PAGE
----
Written by by Aishwarya Phadke
Travel has over the years evolved into a spiritual exercise for me. I’ve experienced moments of such awareness and clarity during travel that I could compare them to meditation. Maybe it’s the stillness, maybe it’s the earnest intent of seeking answers, maybe it’s some invisible energies I can’t comprehend that enable such deep experiences. Of course not every trip is as enlightening and one can’t even go looking for these rare moments. Sometimes, though you can!
In January 2020, a group called Traveller’s University announced an event called ‘Swapathgami Cycle Yatra’. It was going to be a week of cycling through the interior parts of Kerala. The USP of the yatra though, was that it was to be a money-less, gadget-less sojourn intended to help us trust the universe and its ways. I’d never done anything like this before and I was intrigued. I was sure a big perspective shift was bound to happen through a yatra like this and I enrolled myself.
I was told to carry only 2 sets of clothes and non-chemical body-care products. No electronics, no food, no watches even. We would only ride basic non-geared/pre-used cycles. The idea was to rely on the world for all our needs- food, water, shelter, cycle repair, and anything else we might require. I enjoy experiments in minimalism and sustainability and I was kicked to do this. I was okay sleeping on the floor and the cycling part didn’t scare me. I was only worried about what we’d eat. Would anyone offer us any real food?
Before the yatra, the group met in Shoranur and went through an intense day of orientation. Everyone had a lot of questions. We didn’t just get to know each other better but we also set ground rules and established a system of democracy for the upcoming yatra. That day we were hosted by a lovely family running a farmstay and health food store called Farmers Share. Unsure of how little we might get to eat over the next week, we ate till our hearts were full that day.
On the first day of the yatra, we were all asked to write one word/quote that resonated with us and we wanted to carry as a mood through the yatra on a paper. Instinctively, I wrote ‘and I think to myself, what a wonderful world!’ I didn't know where our next meal or 20 meals after that were coming from, but I somehow had a gut feeling that we were going to be okay, that we were all going to be protected.
And so it began. We started cycling, wide eyed and hopeful. Over the week that we cycled, hour after hour I just witnessed magic unfold. On the first day for example, an hour after we started riding, we met a lady. She stopped and asked us what we were doing cycling through this non-touristy part of Kerala. We tried to explain. When she heard that we had no money or food, she gave us directions to a village where there was a temple feast arranged. We rode for a couple of hours, unsure and unexpecting. To our surprise, we were welcomed warmly and fed a lovely festive meal. All 16 of us!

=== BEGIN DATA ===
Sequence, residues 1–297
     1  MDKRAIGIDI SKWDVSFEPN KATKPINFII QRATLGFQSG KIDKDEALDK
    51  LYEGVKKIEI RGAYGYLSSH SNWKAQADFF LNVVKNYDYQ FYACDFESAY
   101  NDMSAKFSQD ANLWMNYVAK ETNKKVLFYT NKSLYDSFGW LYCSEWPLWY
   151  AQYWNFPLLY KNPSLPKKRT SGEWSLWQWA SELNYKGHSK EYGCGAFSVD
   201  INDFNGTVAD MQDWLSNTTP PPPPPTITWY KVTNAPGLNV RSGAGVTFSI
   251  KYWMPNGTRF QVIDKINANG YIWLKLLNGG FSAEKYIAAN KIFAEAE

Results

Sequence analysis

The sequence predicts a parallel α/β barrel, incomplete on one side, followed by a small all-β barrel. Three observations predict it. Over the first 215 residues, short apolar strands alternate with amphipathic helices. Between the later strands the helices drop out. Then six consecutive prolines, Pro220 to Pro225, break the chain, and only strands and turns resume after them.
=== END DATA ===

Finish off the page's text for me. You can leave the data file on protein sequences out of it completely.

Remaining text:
You’d think we lucked out once, but as ‘luck’ would have it, we kept meeting kind strangers one after the other. We started being offered thalis and fruits, juice and biscuits, stay at schools and midday meals that would be cooked with love for kindergarten students. We got invited to a pre-wedding dinner and were hosted like beloved family members.
I have honestly never tasted food as clearly as I did in that week. Sometimes we had to put a piece of banana in two biscuits and call that modest dry sandwich a meal. But most times, we were offered warm cooked meals.
My personal favourite time was in a village just before Vellinezi, where a local youth club hosted us. We got to bathe at the nearby river in pleasant cold water, we crossed a pet elephant and got to interact with a lot of the kind villagers.
They had broadcasted news of us arriving to their whole community and 16 families volunteered to bring meals for the 16 of us that night. It was generous and grand. There were idlis, dosas, rice, chutneys, papadams, fried fish, dals, curries, omelettes and what not. I couldn’t believe all that was happening.
Not having my phone forced me to take mental pictures of all the exquisite moments we were encountering. Picturesque landscapes of rural Kerala made the daily 20-30 kms of cycling feel like a breeze. We let birds sing to us and the stars shine their bright light.
On our arrival back at Farmers Share, we were greeted with garlands and an elaborate organic meal. It was served on banana leaf, we all sat in a long row and relished the rainbow coloured meal. The chiratta puttu (rice cakes steamed in coconut shell) were especially exquisite.
That week transformed me in little and big ways. I truly understood the value of food, warm baths, comfortable beds, and all my other privileges. I learnt community living and the magic of the universe. It had put those generous, hospitable strangers on our path and we had returned safe and unscathed, with gratitude flowing through our veins.
Would something like this work in Maharashtra? I’d love to find out some day!
P.S: all the pictures are either from the Farmstay before the yatra began or from the yatra but taken by strangers and shared with us later (since we didn't have our phones with us. )
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